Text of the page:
A question of representation

One Kansas resident wonders about the Kansas City earnings tax, and where local governments get the authority to tax the earnings of out-of-state workers who do not have a say in their tax burden:

Today, the sneaky practice of taxation without representation is back, and practiced regularly in America. Two cities engaged in this practice are St. Louis and Kansas City Missouri. The city taxes levied on earnings for all people who work in these towns amounts to a one percent earnings tax on the gross income of workers.

A number of years ago, while working in a bank in Kansas City, I asked my employer why my wages were being taxed by Kansas City, since I did not live in Kansas City. Since I was not a resident of the city, it was my view that I did not have any sort of governmental representation in whether or not I should be taxed, and what the level of taxation should be. The question set off some alarms with my employer, and they began to protest that the money taken was a fair tax which provided a host of city services. When I did not buy that argument, and told them I still did not see how I had any sort of representation in determining how fair the tax was or how much I thought was fair, they scrambled to find an answer.

In response to my question, the bank representative told me that my governmental representation authority for the right to levy earnings tax was at the state level. They told me that since I was a resident of Missouri, it was the state legislature which had the governmental authority to allow cities within the state to levy earnings taxes on workers within their jurisdictions. At the time, I let the issue ride. Subsequently, I have had occasion as a resident of Kansas to work in Kansas City, Missouri, and my earnings continued to be taxed the one percent earnings tax by the city of Kansas City. Again the question arises regarding how a city in another state can get away with taxing the earnings of Kansas residents without appropriate governmental representation to determine if I should be taxed, and how much tax is due.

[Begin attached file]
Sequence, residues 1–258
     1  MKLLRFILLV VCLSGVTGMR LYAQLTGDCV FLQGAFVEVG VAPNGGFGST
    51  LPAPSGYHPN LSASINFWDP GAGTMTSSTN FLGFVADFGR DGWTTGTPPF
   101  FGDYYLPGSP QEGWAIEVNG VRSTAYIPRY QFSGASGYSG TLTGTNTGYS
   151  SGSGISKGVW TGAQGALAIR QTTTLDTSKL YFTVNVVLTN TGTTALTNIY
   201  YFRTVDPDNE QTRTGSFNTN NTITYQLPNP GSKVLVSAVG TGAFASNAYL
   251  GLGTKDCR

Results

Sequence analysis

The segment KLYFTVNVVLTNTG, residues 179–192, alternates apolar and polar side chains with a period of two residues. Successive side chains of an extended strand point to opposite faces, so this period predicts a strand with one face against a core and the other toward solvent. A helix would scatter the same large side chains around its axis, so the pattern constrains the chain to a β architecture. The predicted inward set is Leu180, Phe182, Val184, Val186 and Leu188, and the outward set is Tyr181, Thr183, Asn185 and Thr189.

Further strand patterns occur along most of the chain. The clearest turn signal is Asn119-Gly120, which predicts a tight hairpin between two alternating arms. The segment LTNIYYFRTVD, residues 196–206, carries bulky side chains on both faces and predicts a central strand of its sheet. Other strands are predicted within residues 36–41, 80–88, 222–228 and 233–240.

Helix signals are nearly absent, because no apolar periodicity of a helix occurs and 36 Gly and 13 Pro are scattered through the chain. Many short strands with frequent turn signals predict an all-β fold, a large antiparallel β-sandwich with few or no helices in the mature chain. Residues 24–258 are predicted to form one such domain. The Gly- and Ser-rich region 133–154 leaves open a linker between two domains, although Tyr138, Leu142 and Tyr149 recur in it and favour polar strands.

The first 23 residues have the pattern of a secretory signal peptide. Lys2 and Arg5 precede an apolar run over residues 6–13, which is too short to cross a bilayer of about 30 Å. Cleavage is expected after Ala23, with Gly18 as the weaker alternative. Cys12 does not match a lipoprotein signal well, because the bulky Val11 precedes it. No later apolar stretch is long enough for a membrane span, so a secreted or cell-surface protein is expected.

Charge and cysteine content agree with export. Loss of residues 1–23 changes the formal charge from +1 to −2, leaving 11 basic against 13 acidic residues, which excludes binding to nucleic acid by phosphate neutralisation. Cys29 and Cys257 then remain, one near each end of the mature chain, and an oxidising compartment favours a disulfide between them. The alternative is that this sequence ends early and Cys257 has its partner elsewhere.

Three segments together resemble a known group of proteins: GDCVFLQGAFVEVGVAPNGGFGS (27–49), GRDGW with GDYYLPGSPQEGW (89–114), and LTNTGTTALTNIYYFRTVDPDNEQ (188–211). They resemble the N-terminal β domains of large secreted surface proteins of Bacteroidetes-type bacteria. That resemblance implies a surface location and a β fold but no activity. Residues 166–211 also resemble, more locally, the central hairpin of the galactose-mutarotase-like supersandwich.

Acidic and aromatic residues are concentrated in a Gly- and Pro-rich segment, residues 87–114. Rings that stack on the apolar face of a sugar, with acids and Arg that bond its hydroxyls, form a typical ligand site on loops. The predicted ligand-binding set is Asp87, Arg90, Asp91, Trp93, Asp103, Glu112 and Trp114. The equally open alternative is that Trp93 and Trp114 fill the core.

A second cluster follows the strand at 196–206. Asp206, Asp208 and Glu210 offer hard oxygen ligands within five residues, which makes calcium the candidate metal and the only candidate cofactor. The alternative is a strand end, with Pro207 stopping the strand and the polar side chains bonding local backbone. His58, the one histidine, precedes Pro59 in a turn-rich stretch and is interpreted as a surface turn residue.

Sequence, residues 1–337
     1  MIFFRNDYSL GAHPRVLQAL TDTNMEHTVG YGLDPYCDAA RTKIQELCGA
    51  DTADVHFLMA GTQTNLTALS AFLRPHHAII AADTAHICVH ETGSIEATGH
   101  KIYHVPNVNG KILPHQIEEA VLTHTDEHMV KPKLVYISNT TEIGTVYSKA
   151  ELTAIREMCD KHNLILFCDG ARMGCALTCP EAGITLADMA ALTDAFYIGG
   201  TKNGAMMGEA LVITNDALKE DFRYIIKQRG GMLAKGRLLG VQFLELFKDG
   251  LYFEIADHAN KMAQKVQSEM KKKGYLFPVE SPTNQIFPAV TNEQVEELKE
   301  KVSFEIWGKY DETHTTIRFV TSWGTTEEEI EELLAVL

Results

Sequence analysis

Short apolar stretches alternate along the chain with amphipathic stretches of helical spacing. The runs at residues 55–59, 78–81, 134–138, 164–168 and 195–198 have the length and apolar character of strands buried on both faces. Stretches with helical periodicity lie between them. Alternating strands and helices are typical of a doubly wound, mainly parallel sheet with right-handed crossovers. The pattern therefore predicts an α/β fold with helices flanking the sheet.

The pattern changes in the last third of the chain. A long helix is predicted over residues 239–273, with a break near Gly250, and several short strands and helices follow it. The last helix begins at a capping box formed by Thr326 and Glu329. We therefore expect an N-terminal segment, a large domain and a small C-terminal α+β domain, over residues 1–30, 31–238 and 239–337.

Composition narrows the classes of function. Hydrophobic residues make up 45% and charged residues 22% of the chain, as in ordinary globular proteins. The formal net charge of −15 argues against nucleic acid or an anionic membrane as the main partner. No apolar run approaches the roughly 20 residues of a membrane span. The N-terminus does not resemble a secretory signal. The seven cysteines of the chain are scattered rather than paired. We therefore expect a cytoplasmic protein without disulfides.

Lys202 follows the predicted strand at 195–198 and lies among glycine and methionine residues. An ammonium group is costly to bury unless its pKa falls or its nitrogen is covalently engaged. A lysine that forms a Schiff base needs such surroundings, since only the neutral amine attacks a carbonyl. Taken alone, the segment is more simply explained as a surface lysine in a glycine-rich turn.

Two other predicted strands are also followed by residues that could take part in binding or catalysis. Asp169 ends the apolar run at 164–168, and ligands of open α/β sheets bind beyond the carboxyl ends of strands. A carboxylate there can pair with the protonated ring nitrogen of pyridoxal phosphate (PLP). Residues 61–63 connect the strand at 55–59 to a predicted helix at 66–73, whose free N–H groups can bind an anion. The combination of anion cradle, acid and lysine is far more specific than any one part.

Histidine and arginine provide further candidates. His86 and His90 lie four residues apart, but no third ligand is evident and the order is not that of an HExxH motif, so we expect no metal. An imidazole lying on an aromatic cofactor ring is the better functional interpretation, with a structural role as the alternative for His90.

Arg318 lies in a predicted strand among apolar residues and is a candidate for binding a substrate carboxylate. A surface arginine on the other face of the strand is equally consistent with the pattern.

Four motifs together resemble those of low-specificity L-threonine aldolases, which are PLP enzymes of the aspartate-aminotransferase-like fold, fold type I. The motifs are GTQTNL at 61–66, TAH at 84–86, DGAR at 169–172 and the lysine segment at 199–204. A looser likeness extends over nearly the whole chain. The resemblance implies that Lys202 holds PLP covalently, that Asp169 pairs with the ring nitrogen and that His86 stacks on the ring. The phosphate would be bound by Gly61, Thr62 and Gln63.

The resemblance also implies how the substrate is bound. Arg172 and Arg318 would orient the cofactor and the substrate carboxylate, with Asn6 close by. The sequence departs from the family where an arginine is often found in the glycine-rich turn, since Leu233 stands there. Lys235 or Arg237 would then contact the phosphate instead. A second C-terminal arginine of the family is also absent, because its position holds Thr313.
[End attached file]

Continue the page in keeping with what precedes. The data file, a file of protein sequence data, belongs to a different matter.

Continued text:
I am sure the response to this would be that the federal government allows state and local governments the right to create taxes for non-citizens, and my representation is on the federal level. Since the slippery practice of being forced to pay taxes to governments where I have no representation in how much or whether I should be taxed is sanctioned by the Federal level of government, cities, counties and states are allowed to dip their fingers into my earnings whether I have a voice or not.

Since taxation has reached a convoluted layer of being taken from earnings, purchases, property, services, and who knows what else, it is time to start asking my Federal representatives to allow me direct representation in all the taxes being drained from my income, or to pass legislation that disallows the practice of taxation without representation as it exists in American society today.

Earnings taxes are just one example of how citizens have been conditioned to paying taxes they have no control or representation in qualifying to pay. How much more money would the average citizen have in their pocket if this country truly held to the original concept of no taxation without representation? My guess is that there would be a lot of state, county, and city officials squirming in their seats if our Federal government forced them to rethink their processes of how people are taxed, and who has a say in determining how much tax is allowed.

To those who suggest that KC voters are the only ones who should be concerning themselves with their earnings tax, I say not so much. Many people are affected by the earnings tax without the opportunity to vote on it, including KC residents who haven’t voted on the earnings tax for decades. Many people would like to see this question revisited.


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